Statesman and philosopher, Benjamin Franklin, was a left-hander who, in addition to helping frame the American Constitution, found a moment to pen an appeal for the left in the form of ‘A Petition to Those Who Have the Superintendency of Education’:

            ‘There are twin sisters of us; and the eyes of man do not more resemble, nor are capable of being on better terms with each other than my sister and myself, were it not for the partiality of our parents, who made the most injurious distinction between us.

            ‘From my infancy I have been led to consider my sister as a being of more educated rank. I was suffered to grow up without the least instruction, while nothing was spared in her education. She had masters to teach her writing, drawing, music and other accomplishments, but if by chance I touched a pencil, a pen or a needle I was bitterly rebuked; and more than once I have been beaten for being awkward, and wanting a graceful manner…

            ‘Must not the regret of our parents be excessive, at having placed so great a difference between sisters who are so perfectly equal? Alas! We must perish from distress; for it would not be in my power even to scrawl a suppliant petition for relief…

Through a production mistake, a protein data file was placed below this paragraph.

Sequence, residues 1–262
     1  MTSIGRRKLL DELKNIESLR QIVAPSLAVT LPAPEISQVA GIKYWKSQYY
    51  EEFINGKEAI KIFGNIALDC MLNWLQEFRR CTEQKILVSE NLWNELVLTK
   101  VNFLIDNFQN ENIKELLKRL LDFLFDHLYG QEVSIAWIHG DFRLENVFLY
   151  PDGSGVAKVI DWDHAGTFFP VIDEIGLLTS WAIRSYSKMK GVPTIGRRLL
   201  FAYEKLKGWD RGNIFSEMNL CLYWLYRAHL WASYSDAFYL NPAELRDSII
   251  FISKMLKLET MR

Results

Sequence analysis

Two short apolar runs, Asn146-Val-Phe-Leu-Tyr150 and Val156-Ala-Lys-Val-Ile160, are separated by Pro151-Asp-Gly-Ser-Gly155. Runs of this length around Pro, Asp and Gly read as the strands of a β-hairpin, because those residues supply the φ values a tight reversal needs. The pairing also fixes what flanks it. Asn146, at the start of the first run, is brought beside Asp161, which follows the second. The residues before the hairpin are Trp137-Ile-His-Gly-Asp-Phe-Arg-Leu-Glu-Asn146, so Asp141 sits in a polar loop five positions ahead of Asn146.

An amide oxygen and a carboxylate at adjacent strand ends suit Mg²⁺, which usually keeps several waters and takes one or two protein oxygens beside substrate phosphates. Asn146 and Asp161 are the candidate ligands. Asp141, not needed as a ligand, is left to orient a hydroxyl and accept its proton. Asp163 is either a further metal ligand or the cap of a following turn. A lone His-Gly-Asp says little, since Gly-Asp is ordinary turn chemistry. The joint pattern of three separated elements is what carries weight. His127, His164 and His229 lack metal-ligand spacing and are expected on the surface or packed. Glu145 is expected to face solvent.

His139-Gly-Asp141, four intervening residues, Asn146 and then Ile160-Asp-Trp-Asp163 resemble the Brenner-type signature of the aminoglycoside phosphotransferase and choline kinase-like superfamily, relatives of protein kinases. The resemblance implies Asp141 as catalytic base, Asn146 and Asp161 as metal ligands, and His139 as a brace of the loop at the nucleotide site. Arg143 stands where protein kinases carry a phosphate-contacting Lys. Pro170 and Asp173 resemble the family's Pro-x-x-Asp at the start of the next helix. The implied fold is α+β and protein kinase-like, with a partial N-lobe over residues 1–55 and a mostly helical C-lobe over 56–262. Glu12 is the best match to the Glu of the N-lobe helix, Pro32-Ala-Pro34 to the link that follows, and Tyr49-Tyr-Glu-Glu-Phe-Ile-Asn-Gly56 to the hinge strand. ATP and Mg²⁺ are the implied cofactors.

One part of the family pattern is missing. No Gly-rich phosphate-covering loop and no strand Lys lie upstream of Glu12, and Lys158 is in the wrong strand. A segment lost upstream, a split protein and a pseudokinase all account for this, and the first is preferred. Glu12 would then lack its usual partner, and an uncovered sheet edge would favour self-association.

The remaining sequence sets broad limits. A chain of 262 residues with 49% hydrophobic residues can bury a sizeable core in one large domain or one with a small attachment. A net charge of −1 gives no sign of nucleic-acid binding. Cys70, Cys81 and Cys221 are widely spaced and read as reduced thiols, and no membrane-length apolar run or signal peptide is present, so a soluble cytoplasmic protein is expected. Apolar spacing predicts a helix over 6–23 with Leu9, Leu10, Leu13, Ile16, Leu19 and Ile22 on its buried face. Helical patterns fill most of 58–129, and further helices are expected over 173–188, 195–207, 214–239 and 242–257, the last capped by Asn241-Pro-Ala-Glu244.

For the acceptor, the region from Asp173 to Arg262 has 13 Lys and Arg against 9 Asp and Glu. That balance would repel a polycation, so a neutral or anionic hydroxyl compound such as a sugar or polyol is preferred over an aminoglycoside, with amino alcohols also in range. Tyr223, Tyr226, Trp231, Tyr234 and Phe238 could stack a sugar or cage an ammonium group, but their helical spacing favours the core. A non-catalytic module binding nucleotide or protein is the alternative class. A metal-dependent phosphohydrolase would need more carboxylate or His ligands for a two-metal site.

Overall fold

‘Condescend, sir, to make my parents sensible of the injustice of an exclusive tenderness, and of the necessity of distributing their care and affection among all their children equally. I am, with profound respect, Sirs,

‘Your obedient servant,


            In the UK, King George VI was a noted changed left-hander and Queen Victoria was ambidextrous.

            Prince Charles experienced an enforced change to the left when he broke the humerus in his upper right arm after a fall on the polo field in June, 1990. Much concern was shown for the heir to the British throne when complications set in after the two breaks, above his elbow, were set in plaster at a cottage hospital in Cirencester.

            A month later, HRH was still in pain, there was little sign of healing and a holiday in Majorca did not help. The Queen’s Medical Centre, Nottingham, recommended a three-hour operation involving a hip bone graft, which took place at the end of August.

            Although his sporting life was at stake, he was expected to resume the use of his right hand eventually. In the meantime, the Prince switched sides and was reported as having ‘…perfected a scratchy signature…’ and the ability to paint, sketch and shake hands with his South Paw. ‘Life on the left will never be good enough for Prince Charles,” proclaimed the Daily Mail, whose concern was whether he would ever be able to play polo again.

            Of present-day politicians, only the Shadow Foreign Secretary, the Rt Hon Gerald Kaufman and the Rt Hon Lord Jenkins of Hillhead have admitted to being ‘of the left’, while the right wing keep their left-handed leanings to themselves.